A series of brutal child murders leads to an arrest, not a conviction of, a local school teacher. Two men, flawed men, men that aren’t exactly 100% in the right, and are a thousand percent convinced that they have their man, have intersected each others lives while trying to encourage a confession out of the accused. The fun begins during numerous unexpected interruptions.
Big Bad Wolves is a comedy,crime, thriller, not necessarily in that order, that takes its crime and thrills seriously enough, with just a garnish of comedic effort. The dialogue is all in Hebrew, filmed in Tel Aviv, Israel, and was written and directed by Aharon Keshales and Navot Papushado, who have teamed up previously on another demented piece of work called Rabies ( Kalvevet in Hebrew). Quentin Tarantino has his named stamped all over this for approval and distribution, which is great if you’re fan of his, although if you’re a detractor you can be rest assured that this story is devoid of any sort of his gimmicky shtick.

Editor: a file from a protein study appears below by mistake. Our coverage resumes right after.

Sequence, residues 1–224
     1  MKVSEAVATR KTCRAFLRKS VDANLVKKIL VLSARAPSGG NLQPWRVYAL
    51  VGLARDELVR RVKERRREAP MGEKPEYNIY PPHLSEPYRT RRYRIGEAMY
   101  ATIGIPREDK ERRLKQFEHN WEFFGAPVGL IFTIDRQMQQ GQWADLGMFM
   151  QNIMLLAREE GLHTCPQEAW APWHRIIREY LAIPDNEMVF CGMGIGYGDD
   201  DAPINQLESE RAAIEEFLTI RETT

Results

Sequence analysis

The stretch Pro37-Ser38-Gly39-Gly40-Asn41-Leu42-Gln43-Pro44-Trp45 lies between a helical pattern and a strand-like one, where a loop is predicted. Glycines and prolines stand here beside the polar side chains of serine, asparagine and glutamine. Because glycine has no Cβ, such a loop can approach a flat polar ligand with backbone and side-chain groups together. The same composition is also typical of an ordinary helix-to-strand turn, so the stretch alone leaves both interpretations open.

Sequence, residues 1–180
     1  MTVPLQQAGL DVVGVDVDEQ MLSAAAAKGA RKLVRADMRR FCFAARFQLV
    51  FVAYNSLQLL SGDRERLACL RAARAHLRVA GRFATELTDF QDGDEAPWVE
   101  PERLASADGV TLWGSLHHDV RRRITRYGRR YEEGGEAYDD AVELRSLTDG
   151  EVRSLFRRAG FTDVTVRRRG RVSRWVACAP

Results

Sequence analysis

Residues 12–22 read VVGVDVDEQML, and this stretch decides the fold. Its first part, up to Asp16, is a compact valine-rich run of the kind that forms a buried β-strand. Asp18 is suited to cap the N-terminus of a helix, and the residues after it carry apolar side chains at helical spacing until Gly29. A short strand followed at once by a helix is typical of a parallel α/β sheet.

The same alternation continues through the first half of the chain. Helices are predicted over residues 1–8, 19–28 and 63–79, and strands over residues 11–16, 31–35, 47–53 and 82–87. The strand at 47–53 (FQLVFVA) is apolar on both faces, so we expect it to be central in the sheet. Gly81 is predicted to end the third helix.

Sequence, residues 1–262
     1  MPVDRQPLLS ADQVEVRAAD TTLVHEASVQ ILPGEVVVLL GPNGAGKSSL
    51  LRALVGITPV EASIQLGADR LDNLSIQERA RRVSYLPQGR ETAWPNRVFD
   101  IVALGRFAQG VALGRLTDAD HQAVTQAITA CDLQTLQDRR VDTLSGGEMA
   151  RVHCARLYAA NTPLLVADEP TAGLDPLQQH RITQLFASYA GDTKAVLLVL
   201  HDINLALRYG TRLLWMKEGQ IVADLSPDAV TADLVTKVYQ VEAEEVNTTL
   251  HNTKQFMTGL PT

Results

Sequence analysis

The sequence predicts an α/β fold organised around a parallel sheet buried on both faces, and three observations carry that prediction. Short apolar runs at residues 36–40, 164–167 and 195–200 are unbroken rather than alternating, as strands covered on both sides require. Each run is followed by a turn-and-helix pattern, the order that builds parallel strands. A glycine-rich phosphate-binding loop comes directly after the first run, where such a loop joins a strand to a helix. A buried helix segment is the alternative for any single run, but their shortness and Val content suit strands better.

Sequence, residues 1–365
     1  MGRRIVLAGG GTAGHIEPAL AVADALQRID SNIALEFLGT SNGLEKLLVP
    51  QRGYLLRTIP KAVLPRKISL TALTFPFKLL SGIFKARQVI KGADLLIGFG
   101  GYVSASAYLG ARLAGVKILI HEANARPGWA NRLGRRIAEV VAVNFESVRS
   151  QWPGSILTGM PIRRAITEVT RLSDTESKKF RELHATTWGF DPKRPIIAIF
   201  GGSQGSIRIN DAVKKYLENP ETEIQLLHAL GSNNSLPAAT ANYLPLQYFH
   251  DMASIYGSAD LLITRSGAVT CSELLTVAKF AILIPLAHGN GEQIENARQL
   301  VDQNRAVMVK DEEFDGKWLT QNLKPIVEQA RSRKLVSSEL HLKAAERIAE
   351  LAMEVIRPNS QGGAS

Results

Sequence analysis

The direction, pace, and shot selection is exceptionally tight. The color and contrast is particularly effective, because if it were any bleaker, you just might end up disgusted with yourself at the parts that are available to have a laugh at. Big Bad Wolves is a solid offering for the art/indie theater crowd, and well worth making a purchase of if you’ve heard any hype at all.